Even though Hamish Linklater's character on The Newsroom is at the center of the season's slowly unfolding disaster known as "Genoa," the actor has a hard time accepting his character as a villain.
"He's just a true believer who thinks he's on the side of the angels, and that's why he does what he does," Linklater tells TVGuide.com of his character, Jerry Dantana. "But what was great was that they didn't push me into twirling my mustache or being sort of an obvious bad guy."
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Shortly after Jerry came to New York to sub in for Jim (John Gallagher Jr.), he received a tip about "Operation Genoa," a mission during which the United States allegedly used sarin gas on civilians while extracting two captured Marines. Although he slowly built a compelling story, Jerry couldn't quite convince news division president Charlie (Sam Waterston) or "News Night" executive producer MacKenzie (Emily Mortimer) to air the story. So, he got desperate, and in the previous episode, Jerry edited interview footage to make it appear that a retired general admitted using chemical weapons in the field.
"He believes the story is true," Linklater says. "He just needs to get rid of one word from this interview in order for him to have enough evidence to get the story on the air. ... He knows he's done something that's wrong. He knows that he's breached ethics, but he believes that, for this story, it was worth it."
Linklater insists that his character's decisions are not motivated by ambition, but rather his ideals. "He's trying to tell news stories that the audience doesn't seem to have much of an appetite for and the network doesn't have much of an appetite for broadcasting," he says. "His beef is with this sort of lazy liberalism that he feels is in the staff and that kind of knee-jerk Obama fandom that he finds around him. He feels [they're] apologizing for too many mistakes."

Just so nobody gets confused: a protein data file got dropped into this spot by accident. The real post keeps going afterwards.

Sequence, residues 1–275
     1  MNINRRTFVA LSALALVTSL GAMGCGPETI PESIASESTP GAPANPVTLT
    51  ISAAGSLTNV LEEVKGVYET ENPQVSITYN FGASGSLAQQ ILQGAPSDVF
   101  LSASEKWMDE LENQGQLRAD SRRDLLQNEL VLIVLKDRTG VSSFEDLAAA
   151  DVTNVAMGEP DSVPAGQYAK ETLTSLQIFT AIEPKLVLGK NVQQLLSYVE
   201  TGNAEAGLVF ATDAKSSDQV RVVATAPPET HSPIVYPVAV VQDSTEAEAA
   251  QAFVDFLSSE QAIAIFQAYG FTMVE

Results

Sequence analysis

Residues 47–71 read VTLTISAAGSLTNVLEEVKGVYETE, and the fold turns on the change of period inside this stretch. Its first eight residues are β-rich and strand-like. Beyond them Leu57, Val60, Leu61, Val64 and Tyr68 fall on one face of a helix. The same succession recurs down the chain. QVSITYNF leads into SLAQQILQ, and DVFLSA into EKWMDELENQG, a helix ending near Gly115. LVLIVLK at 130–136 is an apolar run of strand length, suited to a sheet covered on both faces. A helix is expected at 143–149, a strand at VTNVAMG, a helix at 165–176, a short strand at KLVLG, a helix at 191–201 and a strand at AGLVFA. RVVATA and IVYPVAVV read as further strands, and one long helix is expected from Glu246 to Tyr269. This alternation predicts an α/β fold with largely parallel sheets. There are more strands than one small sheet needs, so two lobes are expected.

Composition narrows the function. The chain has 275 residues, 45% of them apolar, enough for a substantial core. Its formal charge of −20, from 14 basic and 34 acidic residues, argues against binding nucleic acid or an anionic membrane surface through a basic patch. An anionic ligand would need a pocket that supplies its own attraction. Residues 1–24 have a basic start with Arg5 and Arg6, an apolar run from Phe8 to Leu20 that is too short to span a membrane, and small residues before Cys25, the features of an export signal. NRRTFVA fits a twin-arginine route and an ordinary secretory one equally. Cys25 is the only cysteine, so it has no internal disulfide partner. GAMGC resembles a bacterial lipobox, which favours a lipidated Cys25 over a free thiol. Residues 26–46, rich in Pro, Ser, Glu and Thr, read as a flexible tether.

But indeed it's Jerry's mistakes that will bring the "News Night" team under fire. On Sunday's episode, the "Genoa" story will air, and the wheels start to come off the train almost immediately after the broadcast ends. But it isn't just Jerry's fudged interview footage that is problematic. The episode will also slowly reveal the many other ways the story turned out to be false, which gives Jerry ammunition for his wrongful termination lawsuit.
"Once he's found out... he knows the ax is going to fall," Linklater says. "But he just sticks to his guns. He thinks that everybody was doing a sloppy job and that he's been made the fall guy for it. It's not fair."
And Jerry may have case. Enter ACN attorney Rebecca Halliday (Marcia Gay Harden), who in the season-long framing device has been prepping the "News Night" team for their upcoming depositions in the lawsuit. On Sunday's episode, Don (Thomas Sadoski), Sloan (Olivia Munn), and even Will (Jeff Daniels) join MacKenzie and Charlie in explaining to Rebecca the mistakes they made along the way. "[Will & Co.] are not used to having to answer to anyone," Harden says. "Her job is to get the facts, and... she lays it straight. 'This is what's going to happen, and if you don't play by my rules, you're going to lose.'"
Indeed, before the episode is over, multiple staffers will submit their resignations. But all hope isn't lost. "Her job is to defend them," Harden says. "She believes in them completely, and she feels she's on the right side. ... As a conscience, she does her job. It's interesting what she unearths, how she helps them. In that journey, I think a lot of them had a certain growth, a certain understanding of their jobs and a certain understanding of the value of truth and news. I think she unearths things that help them reconnect to that message."
Even if the "News Night" team comes out on top, Linklater says Jerry Dantana will likely always believe he was right. "He probably thinks that it was just those sources that fell apart or didn't quite stand up," he says. "He'll go to the grave believing it."
The Newsroom airs Sundays at 10/9c on HBO.